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Chapter 9: Plate Tectonics Review Feb 11, 2013. What to study? Layers of the Earth Convection Currents Continental Drift Sea-floor Spreading Theory of.

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Presentation on theme: "Chapter 9: Plate Tectonics Review Feb 11, 2013. What to study? Layers of the Earth Convection Currents Continental Drift Sea-floor Spreading Theory of."— Presentation transcript:

1 Chapter 9: Plate Tectonics Review Feb 11, 2013

2 What to study? Layers of the Earth Convection Currents Continental Drift Sea-floor Spreading Theory of Plate Tectonics Plate Boundaries Crustal Features Shadow Zone – Username: mustang – Password: science – Study Plate Tectonics 8.9A and 8.9B

3 Layers of the Earth

4  From the Earth’s Crust to the Inner Core:  Depth Increases  Pressure Increases  Temperature Increases Layers of the Earth Temp. (°C) Crust °C Mantle870°C Outer Core 2200°C Inner Core 5000°C

5 Lithosphere This layer is broken down into several large tectonic plates

6 Asthenosphere The asthenosphere is the semi-rigid part of the middle mantle that flows like hot asphalt under a heavy weight. The tectonic plates float on this semi- liquid layer.

7 Lithosphere Vs. Asthenosphere Lithosphere= rigid Asthenosphere= semi-soft

8 Convection Currents in the Mantle According to scientists, convection currents is the driving force behind the movement of the Earth’s plates.

9 Convection Heated water is less dense therefore rises while Cooled water is more dense, which sinks. This is also true with air

10 Alfred Wegener’s hypothesis on Continental Drift Evidence from Landform Evidence from Fossils Evidence from Climate All the continents had once been joined in a single landmass, called Pangaea, and have since drifted apart.

11 Evidence of Continental Drift  A mountain range lines up between Argentina in South America and Africa.  Fossils of the reptiles Mesosaurus and Lystrosaurus have been found in places now separated by oceans.  Fossils of the fernlike plant, Glossopteris, have been found in rocks in Africa, South America, Australia, India, & Antarctica.  Deep scratches in rocks show that continental glaciers once covered South Africa.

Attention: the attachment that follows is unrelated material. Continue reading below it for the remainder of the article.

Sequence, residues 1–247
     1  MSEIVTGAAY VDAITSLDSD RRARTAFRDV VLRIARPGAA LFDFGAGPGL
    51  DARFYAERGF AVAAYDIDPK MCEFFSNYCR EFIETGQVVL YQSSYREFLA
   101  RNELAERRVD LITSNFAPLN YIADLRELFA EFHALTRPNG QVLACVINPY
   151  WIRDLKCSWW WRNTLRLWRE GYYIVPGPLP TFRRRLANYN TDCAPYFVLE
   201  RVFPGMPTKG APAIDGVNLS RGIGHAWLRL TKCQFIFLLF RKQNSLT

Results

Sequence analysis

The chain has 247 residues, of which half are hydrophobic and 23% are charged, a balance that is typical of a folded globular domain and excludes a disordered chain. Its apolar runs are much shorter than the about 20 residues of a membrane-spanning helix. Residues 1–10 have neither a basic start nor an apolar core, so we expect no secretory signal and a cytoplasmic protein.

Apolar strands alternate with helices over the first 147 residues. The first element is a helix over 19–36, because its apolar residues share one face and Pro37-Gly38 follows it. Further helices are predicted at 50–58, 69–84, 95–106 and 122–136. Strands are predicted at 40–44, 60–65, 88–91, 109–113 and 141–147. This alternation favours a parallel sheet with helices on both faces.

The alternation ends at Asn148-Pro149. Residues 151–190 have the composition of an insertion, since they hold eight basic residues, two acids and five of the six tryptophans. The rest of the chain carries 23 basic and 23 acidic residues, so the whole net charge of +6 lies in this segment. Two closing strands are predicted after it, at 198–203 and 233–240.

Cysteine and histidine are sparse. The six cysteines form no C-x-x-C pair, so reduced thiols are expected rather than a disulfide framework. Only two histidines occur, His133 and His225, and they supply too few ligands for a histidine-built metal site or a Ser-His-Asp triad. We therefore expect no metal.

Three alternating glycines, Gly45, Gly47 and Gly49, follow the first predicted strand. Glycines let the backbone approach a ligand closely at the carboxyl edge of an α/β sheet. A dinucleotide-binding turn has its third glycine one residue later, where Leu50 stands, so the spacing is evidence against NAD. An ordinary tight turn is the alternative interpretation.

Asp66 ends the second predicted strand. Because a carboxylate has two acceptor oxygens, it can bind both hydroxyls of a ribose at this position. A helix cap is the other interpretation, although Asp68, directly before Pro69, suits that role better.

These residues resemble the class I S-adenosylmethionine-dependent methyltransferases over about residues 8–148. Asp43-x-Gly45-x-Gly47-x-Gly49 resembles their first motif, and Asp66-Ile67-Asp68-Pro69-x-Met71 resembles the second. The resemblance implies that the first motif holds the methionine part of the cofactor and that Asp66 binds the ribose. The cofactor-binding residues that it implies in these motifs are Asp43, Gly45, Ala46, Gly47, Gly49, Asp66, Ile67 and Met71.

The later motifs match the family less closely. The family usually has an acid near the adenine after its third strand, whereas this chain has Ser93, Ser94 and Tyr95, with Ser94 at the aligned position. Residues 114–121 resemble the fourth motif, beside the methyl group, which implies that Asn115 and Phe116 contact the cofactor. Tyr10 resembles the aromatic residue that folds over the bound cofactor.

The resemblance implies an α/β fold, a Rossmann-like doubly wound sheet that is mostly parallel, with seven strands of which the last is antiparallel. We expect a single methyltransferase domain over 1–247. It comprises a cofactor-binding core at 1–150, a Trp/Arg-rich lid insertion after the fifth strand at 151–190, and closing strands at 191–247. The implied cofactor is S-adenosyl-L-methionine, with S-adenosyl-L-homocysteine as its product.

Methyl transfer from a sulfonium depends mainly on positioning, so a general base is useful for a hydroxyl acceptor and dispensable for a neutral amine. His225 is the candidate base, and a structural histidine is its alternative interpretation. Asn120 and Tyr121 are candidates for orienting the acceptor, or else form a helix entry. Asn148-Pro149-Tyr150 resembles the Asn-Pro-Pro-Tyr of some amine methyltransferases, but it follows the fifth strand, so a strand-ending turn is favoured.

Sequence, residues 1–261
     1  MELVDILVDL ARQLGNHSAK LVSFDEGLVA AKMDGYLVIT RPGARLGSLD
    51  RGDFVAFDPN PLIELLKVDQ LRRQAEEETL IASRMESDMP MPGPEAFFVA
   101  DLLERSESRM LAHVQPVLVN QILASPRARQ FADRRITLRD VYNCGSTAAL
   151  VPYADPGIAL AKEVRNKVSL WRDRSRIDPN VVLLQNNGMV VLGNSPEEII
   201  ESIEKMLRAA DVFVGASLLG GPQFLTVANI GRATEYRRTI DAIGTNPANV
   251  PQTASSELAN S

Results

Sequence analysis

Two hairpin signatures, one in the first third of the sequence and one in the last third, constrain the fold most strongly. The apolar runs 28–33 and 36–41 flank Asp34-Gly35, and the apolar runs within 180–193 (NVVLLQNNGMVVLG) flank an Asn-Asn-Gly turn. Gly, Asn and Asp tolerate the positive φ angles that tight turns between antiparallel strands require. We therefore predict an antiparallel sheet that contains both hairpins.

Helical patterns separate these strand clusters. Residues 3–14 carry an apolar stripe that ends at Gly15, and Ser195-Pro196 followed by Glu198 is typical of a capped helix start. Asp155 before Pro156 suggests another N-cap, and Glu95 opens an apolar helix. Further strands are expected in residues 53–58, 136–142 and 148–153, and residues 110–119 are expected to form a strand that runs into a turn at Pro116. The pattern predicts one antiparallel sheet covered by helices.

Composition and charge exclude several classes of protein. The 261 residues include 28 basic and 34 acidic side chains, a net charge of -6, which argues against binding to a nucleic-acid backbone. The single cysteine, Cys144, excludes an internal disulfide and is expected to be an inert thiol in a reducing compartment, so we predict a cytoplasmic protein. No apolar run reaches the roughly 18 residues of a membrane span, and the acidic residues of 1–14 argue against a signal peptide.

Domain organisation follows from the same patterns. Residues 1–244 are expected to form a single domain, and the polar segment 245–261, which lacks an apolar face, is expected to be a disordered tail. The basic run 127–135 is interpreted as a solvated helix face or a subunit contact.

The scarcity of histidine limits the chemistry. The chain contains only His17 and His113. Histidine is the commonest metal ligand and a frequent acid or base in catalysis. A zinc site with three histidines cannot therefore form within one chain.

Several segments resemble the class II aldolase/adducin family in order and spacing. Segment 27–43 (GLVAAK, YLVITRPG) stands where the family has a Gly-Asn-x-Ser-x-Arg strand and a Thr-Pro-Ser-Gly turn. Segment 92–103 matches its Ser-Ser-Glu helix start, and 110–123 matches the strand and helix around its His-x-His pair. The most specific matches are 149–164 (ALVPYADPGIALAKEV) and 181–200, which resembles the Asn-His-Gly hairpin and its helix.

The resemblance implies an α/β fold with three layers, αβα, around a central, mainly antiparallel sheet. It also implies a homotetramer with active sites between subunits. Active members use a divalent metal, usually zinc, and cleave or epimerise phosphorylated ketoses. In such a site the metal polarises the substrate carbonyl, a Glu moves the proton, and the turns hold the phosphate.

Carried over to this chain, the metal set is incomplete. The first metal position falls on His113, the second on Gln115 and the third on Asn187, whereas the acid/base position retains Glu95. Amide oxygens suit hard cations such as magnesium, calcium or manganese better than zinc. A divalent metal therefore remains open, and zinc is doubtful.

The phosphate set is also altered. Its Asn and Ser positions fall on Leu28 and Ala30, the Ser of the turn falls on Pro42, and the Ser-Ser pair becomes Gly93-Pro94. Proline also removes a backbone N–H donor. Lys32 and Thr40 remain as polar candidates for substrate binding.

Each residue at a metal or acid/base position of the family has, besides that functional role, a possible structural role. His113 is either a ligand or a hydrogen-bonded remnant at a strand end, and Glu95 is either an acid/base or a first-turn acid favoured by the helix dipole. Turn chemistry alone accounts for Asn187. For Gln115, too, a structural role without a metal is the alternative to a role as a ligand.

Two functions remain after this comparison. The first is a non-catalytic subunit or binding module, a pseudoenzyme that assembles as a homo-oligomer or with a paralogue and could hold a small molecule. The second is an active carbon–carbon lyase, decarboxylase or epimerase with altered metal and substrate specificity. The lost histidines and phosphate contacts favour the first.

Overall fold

12 Continental Coastlines Why don’t the continents look like they did millions of years ago? Coastlines change over time due to beach erosion.

13 Pangaea A supercontinent, meaning “all lands”, that existed about 300 million years ago.

14 Scientists Reject Wegener’s Hypothesis Wegener could not provide a satisfactory explanation for the force that pushes or pull the continents.

15 Sea-Floor Spreading Molten material rises from the mantle and erupts along the mid-ocean ridge

16 Mid-Ocean Ridge

17 Subduction Process by which the ocean floor sinks beneath a deep-ocean trench and back into the mantle.

18 Plate Tectonics Geological theory that states that pieces of Earth's lithosphere are in constant, slow motion

19 Earthquakes Occur usually when 2 plates slide past each other, however, can happen at all plate boundaries. Release of energy when the lithosphere suddenly breaks and slides

20 Convergent Boundaries Two plates collide Example: Himalayan Mountains Folding mountains, volcanoes, and trenches can form as a result of plates colliding.

21 Divergent Boundaries Plate boundary where 2 plates move away from each other. Is the result of new ocean floor, such as the mid-ocean ridge and valley’s on land.

22 Transform Boundaries Plate boundary where two plates slip past each other, moving in opposite directions. Earthquakes frequently occur along these boundaries.

23 Cause of Deep Ocean Trenches When an ocean plate collides with a continental plate, the plate is subducted under the continent.

24 Ring of Fire  Volcanoes form where tectonic plates meet other plates.

25 Seismic Waves (PreAP) Scientists use the properties of waves to study the internal structure of Earth. Seismic waves are sound waves that may be generated by earthquakes. Primary waves, also known as P-waves, are longitudinal waves and can travel through both solids and liquids. Secondary waves, also called S-waves, are transverse waves that only travel through solids. As these waves pass through the interior of Earth, they change speed or may become refracted or reflected.

26 Shadow Zone A wave-free shadow zone exists because the waves are refracted from their original path as they pass through the boundary between the mantle and the core where they experience changes in density. Earthquake Epicenter P- and S- Waves P-Waves only shadow zone 103 º 143º


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